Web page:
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Sleep and Be Fertile


a blog by Marta Montenegro, May 5, 2014

We’ve been told that to lose weight, we’d better have a healthy, balanced diet, eat fewer calories than we burn, and exercise regularly. And somewhere we read something about also managing stress to keep the pounds from piling up. However, other than the standard recommendations, not many people connect losing stubborn pounds with sleep habits. Indeed, you can be doing everything you are supposed to do, but still don’t see the scale balance in your favor. If this is the case for you, read and learn from my patient Mary.

BMI, IVF and Sleep: What do they have in common?

Mary, a patient evaluating fertility treatment options, ate clean and worked out four times a week, but began to notice, little by little, that her pants got tighter. Since she was doing the right things in terms of her health, she thought her weight gain was caused by a hormonal problem. “It must be my thyroid,” she said. After her physician ran all the proper tests, she came to me for overall dietary, exercise and other health-related lifestyle counseling.

By reviewing Mary’s lifestyle, I found she had begun to get up at midnight to make sure her husband was home safe from his night job. So, with this nightly interruption, Mary was getting only about six total hours of sleep a night. Not terrible, but the problem was that her sleep time and quality was being disrupted. And this disturbance she was messing up her metabolism. Translation: she didn’t know why she was hungry all the time or why she was craving sugary food throughout the day. These symptoms were something that she didn’t have before.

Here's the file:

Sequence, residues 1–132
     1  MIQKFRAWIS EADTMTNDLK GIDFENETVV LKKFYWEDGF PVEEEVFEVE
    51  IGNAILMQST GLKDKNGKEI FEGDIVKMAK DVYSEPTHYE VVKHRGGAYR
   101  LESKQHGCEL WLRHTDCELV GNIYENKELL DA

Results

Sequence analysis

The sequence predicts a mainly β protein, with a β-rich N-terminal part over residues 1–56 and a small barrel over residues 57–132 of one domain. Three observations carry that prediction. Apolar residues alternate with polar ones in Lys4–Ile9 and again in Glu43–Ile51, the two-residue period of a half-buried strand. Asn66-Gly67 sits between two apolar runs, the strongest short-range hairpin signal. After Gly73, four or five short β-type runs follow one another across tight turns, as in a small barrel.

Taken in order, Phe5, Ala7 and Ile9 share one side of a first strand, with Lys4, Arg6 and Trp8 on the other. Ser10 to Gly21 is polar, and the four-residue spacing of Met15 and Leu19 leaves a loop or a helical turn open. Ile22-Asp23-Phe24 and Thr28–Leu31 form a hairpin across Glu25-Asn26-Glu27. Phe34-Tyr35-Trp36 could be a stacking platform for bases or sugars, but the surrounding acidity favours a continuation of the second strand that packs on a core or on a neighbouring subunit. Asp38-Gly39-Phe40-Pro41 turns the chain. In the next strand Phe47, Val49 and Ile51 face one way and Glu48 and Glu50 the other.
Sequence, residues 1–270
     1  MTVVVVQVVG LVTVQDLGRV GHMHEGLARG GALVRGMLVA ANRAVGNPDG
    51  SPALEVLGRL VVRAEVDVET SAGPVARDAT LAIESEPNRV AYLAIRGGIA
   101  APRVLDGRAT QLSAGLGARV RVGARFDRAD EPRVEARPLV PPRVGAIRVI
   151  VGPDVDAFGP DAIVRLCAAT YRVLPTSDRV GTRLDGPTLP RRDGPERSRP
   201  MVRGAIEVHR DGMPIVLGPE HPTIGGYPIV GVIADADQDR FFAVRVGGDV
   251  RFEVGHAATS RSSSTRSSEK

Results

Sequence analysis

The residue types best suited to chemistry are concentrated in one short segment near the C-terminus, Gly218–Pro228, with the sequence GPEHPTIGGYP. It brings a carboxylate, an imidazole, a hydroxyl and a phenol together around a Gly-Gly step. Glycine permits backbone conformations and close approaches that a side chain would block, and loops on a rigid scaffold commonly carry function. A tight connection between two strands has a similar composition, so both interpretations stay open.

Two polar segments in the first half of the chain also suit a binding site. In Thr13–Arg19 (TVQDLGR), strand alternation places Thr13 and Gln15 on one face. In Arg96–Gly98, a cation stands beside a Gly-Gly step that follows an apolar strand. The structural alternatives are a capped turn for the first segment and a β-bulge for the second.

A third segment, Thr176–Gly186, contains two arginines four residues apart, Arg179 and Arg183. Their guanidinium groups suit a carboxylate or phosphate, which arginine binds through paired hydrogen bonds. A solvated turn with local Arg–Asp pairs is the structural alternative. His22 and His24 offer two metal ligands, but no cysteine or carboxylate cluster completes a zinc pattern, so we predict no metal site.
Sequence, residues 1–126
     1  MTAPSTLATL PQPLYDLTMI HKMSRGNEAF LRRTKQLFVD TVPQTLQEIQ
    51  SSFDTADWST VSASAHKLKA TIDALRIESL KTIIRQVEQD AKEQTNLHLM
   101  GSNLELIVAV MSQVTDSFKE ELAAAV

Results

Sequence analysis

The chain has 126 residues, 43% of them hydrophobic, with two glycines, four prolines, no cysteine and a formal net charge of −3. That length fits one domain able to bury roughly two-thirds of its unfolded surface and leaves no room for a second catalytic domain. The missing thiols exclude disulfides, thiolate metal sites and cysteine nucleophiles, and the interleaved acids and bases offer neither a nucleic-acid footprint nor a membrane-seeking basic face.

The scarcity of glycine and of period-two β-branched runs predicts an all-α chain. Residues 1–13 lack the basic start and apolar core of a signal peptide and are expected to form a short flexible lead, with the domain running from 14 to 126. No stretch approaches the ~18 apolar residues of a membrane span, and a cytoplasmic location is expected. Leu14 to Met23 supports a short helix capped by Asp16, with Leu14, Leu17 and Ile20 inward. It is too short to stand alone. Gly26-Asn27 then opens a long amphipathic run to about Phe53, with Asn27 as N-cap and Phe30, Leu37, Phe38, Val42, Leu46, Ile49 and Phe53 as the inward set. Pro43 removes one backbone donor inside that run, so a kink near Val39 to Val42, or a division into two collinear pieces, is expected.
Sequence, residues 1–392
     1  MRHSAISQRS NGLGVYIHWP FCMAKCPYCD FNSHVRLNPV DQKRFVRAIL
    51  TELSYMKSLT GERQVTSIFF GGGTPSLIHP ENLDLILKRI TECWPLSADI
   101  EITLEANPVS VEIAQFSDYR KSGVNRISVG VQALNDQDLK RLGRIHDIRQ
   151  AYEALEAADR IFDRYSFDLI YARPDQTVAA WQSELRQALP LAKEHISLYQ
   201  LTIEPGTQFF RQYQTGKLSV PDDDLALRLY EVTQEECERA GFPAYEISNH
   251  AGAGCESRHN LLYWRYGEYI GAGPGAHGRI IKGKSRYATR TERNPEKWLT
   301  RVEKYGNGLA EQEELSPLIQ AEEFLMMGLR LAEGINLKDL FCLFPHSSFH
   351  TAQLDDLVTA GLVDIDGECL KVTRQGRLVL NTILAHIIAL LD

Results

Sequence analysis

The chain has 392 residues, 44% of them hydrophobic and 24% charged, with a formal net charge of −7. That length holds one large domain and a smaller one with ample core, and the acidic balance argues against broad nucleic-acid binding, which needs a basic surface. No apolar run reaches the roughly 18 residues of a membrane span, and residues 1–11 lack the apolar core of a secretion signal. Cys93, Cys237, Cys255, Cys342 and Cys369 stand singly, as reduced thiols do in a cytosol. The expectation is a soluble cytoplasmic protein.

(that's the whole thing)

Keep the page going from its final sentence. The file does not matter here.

Mary’s body mass index (BMI) – a measure of weight-height relationship classification – was now over 25, when it used to be 23. This put Mary in the overweight category. The fact that Mary now was overweight increased not only her pant size, but also her risked her fertility and overall health. In fact, a recent study, in which more than 47,000 treatment cycles were included, found that raised BMI (>25) is associated with adverse pregnancy outcome in women undergoing IVF with ICSI treatment, including lower live birth rates. (Reproductive Biomedicine Online, 2011.)

Unfortunately, Mary could now be part of this statistic. How are sleep deprivation or erratic sleep patters linked to weight increase? In a study published in the international journal Psychoneruendocrinology, sleep-deprived people selected greater portion sizes of energy-dense food snacks – high in sugar and fat –and meals than they do after one night of normal sleep. Another study published in Journal of Clinical Endocrinology & Metabolism shows that even with subjects of healthy weight, when they experienced just a single night of sleep loss, the part of the brain related to the desire to eat experienced a greater activation than when they slept their regular number of hours.

Experts explain that lack of sleep or sleep disruption, throws off important hormones that control appetite and satiety: ghrelin and leptin. When these two hormones are out of whack, hunger increases while satiety is slow to kick in. This affects other hormones that also impact the metabolism, such as insulin and cortisol. So, basically, your energy goes down and neither your body nor mind processes that you’ve already eaten, therefore you feel hungry all day, and your energy stays low. All this makes it harder for you to do the two things that can best control your weight: making nutritious food choices and exercising.

Even when you do manage to control your diet, in a study in which subjects on a diet slept 8.5 hours or 5.5 hours, they lost the same amount of weight, but the ones who slept the 8.5 hours lost more body fat and less lean muscle than those who slept less.

The takeaway message: we know how important is to maintain a healthy weight during fertility treatments; one more thing to evaluate if you’re fighting the pounds is your sleep pattern.

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